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The Days of the Virus: COVID-19 and its Consequences

The Orchid Police

When Jasleen first heard about the orchid police she pictured brightly-coloured uniforms, green armbands, and trowels instead of guns. They would step smartly to a door where an orchid transgression had taken place, and begin their investigation by laying out bedding soil and spraying a fine watery mist over the apartment. She told Mommy her impression, and her mother laughed.

"You've got a great imagination," her mother said. "Don't ever stop."

Frustrated that she wasn't being taken seriously, Jasleen went into her room to check on her orchid. She'd been given it for her birthday, and she felt responsible for its wellbeing. She dipped her finger into the bowl, which was a cute ceramic duck, and the soil felt a little bit dry. She poured a dribble of water from her drinking glass, and then watched the orchid to see if the gift was appreciated.

She wondered what it was like to be a plant, when the only thing they needed was water. Would that be like her, when she didn't have time for breakfast because Mommy had woken her late? Then she would only have juice, and by lunch she would be starving and ready to eat. Did the orchid live in a perpetual state of starvation? She tipped more water into the bowl and then rubbed the duck's head.

Once the lockdown happened, and her school closed, Jasleen began to wish for a sister. She was an only child. That meant when her friends disappeared into their various homes, she was alone. Her mother was on the phone with her job, and her father was far away on the farm. She tried to be good, but she couldn't resist being bratty just to get her mother's attention. She was used to being home in the evenings after school. Then her mother's attention was entirely hers, so the shift to the phone mother was estranging.

Mommy often reminded her that she had a bedroom full of toys, but as lively as some of them seemed at night, during the day they were inert. She'd seen Toy Story, as well as the sequels, but even with her imagination she couldn't get the toys to walk around. Instead, it was her in the bedroom with a bunch of dead toys. She crept into her parents' room when her mother was busy, but anything that was within reach, such as the dresser, was as boring as old clothes, or as worthy of a punishment as makeup. She had to be satisfied with looking at the bottles and tubes on her mother's dresser top, and that was just as boring as dead toys.

The only thing that seemed animate was her orchid. She'd had it for a month, and in that time it had dropped a leaf-that was a bad day as she imagined what it would be like to have her arm fall off-and bloomed. The bloom was delicate and beautiful, and she had the hardest time to keep from touching it. Her mother was serious. She wasn't to put her fingers into the middle where the internal part of the blossom seemed to go on for metres, so she merely looked into the tiny abyss. The delicate purple of the outer petals became more and more dark until it changed into black. She was reminded of the book about the elephant who knew about a tiny village that no one else could hear. She wanted a microscope, or a telescope, so she could scope the impenetrable trench which could hold all kinds of mysteries.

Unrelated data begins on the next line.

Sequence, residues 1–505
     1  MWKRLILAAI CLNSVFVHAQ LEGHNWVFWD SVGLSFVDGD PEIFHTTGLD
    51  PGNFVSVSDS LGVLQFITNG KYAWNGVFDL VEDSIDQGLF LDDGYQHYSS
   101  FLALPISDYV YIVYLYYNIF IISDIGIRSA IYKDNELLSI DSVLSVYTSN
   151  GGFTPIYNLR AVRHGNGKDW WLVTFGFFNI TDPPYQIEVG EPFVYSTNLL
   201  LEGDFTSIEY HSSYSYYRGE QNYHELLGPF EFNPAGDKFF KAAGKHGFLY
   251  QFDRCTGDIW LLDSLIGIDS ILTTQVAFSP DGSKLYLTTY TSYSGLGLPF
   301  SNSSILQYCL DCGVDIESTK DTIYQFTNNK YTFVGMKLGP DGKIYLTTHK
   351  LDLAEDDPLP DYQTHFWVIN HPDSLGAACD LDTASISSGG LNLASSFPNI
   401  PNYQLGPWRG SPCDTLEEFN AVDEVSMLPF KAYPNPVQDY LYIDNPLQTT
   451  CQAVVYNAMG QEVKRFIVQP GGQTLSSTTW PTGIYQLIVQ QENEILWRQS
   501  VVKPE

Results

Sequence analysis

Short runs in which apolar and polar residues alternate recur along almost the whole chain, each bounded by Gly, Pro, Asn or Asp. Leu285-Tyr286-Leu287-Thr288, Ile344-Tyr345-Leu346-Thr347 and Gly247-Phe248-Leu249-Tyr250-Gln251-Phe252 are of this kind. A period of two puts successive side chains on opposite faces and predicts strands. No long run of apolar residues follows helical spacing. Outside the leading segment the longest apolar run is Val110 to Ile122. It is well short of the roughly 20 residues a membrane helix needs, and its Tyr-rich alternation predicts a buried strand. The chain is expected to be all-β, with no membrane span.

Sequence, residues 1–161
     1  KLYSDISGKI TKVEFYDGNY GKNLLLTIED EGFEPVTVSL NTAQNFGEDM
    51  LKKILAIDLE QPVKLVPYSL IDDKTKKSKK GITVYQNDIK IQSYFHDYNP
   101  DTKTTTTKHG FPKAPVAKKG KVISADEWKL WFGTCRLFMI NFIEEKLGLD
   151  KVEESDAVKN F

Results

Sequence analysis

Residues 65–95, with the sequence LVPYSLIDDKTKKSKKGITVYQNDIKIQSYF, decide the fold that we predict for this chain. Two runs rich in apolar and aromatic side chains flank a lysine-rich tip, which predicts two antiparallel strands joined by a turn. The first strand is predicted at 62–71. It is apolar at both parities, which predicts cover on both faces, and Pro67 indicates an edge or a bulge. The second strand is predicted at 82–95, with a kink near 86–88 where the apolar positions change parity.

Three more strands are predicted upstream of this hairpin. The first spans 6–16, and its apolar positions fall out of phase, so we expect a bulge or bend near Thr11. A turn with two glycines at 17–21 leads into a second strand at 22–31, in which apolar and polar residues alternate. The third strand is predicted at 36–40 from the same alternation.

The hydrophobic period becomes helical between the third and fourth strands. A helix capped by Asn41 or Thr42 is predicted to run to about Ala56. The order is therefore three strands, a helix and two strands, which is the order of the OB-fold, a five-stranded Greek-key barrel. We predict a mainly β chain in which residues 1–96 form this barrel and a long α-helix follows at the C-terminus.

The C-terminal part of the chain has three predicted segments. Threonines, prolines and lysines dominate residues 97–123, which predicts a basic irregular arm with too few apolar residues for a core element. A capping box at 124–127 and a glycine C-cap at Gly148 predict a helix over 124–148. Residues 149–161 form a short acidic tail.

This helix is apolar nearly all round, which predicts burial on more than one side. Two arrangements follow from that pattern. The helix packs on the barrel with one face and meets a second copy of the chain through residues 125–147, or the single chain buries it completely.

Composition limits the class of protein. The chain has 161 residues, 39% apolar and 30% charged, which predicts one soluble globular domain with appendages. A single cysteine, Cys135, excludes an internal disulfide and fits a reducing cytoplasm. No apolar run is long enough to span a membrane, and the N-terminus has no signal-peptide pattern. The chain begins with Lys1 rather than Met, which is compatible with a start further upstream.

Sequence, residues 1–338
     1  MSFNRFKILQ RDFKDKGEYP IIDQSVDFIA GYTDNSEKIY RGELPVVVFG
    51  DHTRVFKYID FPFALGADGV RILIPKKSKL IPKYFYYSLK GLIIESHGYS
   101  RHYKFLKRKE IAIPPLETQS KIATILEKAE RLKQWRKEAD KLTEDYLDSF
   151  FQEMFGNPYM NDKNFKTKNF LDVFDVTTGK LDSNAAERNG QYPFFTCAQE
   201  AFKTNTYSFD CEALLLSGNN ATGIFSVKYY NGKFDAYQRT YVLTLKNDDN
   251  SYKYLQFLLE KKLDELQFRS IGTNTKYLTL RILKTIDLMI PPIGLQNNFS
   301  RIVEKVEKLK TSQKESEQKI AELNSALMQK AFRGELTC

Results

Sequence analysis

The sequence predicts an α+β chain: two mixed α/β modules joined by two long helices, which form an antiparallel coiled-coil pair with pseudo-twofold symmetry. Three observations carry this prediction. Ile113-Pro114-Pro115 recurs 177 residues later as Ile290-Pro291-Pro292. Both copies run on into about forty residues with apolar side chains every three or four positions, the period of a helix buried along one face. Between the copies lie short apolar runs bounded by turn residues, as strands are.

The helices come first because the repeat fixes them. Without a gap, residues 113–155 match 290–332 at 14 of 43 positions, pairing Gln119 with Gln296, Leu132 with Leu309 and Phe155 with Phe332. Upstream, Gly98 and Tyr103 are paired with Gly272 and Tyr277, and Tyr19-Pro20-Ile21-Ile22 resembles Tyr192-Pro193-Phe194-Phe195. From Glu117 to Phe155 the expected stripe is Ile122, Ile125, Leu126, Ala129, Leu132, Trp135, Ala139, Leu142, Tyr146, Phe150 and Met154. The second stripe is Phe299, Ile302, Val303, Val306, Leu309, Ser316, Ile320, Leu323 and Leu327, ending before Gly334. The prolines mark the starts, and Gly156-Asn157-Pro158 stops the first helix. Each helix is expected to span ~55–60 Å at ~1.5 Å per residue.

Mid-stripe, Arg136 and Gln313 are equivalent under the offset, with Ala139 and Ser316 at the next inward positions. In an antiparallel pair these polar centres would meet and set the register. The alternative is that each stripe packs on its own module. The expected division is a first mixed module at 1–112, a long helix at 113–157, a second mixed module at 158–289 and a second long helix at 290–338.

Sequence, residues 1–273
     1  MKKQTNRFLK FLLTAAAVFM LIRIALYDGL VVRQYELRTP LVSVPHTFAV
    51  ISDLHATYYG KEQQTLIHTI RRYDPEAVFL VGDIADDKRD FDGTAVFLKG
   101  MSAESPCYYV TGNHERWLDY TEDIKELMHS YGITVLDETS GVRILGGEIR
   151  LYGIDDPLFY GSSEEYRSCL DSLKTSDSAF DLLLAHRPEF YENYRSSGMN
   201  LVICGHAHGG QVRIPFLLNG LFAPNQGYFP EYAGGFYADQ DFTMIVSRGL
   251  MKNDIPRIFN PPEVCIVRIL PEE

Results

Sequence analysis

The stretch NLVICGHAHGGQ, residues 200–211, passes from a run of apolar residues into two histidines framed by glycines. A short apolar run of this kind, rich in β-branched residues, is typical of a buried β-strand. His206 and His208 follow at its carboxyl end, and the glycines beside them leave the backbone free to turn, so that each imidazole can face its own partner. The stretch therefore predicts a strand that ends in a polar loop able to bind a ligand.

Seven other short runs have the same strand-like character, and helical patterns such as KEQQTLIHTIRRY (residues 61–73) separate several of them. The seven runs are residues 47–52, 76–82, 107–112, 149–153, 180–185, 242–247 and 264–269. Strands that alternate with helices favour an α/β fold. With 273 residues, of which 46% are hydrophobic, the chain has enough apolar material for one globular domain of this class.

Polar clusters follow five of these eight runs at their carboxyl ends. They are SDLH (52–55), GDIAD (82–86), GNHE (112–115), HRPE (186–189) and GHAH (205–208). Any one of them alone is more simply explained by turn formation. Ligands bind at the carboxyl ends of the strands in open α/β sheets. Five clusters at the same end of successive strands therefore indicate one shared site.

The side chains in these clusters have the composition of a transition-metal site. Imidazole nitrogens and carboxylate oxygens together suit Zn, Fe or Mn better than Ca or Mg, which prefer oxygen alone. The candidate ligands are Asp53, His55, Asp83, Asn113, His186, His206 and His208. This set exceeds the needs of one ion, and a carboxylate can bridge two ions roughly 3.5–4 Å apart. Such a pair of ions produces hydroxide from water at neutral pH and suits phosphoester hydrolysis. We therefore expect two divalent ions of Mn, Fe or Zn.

She had touched one of the petals, but, as if it knew about her mother's admonition, it turned brown and began to wither. Jasleen watered the plant more, making sure a few drops went right where they were most needed, but that didn't seem to make any difference. She turned the orchid away from the window so that passing authorities wouldn't be able to see what she'd done.

The rest of that day she was able to put it from her mind, but when she overheard Mommy talking to her father, a chill went over her limbs. People were breaking the quarantine, and the authorities were attacking them. The police had shot a girl for driving, apparently; even though the vehicle was crashed and she wasn't driving any more. They shot her anyway. The moral of the story was clear. It wasn't just what someone is caught doing, even past transgressions were punished under the new laws.

That evening Jasleen spent over an hour looking at her orchid, willing it back to health. "I didn't know you were so delicate," she whispered, "so it's not really a crime that I touched you."

She gave it a bit of water just so it felt better, standing well back from the plant to observe social distancing. As if she were acting a role for a hidden camera, Jasleen showed how much she cared about the plant by petting the duck's ceramic head afterward.

The next morning the bloom looked even worse, and Jasleen was torn between wanting to ask her mother if blooms naturally died after a few days and worrying that she'd killed it. She waited for the perfect moment over breakfast, when her mother's mouth moved from a straight line to the fuller lips of relaxation as she glanced through the newspaper.

"How long do you think my orchid will live?" She had decided finally on a full frontal attack.

Her mother's lips pursed a bit. "Years, probably. If you take care of it."

Jasleen heard the qualifier. Had she taken care of it? "What if it doesn't get enough light? You said it's unhealthy to stay inside all the time."

"When did I say that?"

"I heard you. Talking to Father. You said we should be outside."

"The lockdown is going to cause more problems than it solves."

Jasleen pondered the cryptic comment while drops of milk left her spoon and landed on her cereal. "Like what? What kind of problems?" Did her mother know?

"Nothing for you to worry about. But there are people who don't have a place to go. And they will really be suffering through this."

"What about people in prison?" Jasleen thought about the orchid police and shivered.

"Some of them are being let out."

"That's a good thing, right?"

"Maybe." Her mother shook the paper, folded it, and slid it back into the plastic bag it had arrived in. She used the tips of her fingers, and then washed her hands afterward. She saw Jasleen watching. "It's the ink. Gets on your fingers."

Jasleen looked at her own fingers. What if the ink from the orchid got on me and that's how the police find out?

"You didn't touch it, dear. Don't worry." Her mother rubbed Jasleen's head as she leaned over to pick up her mug.

"I didn't," Jasleen said dutifully, knowing full well that she lied.

She'd moved the orchid away from the window, just to keep its drooping blossom from the view, but she'd seen enough police shows to know that they could set up people with binoculars in other apartments and see everything in her room. Pulling the curtains would be suspicious, and the orchid would die without light. She went to the window under the guise of looking at the view, and trying to appear casual, she scanned the apartments in the block opposite theirs.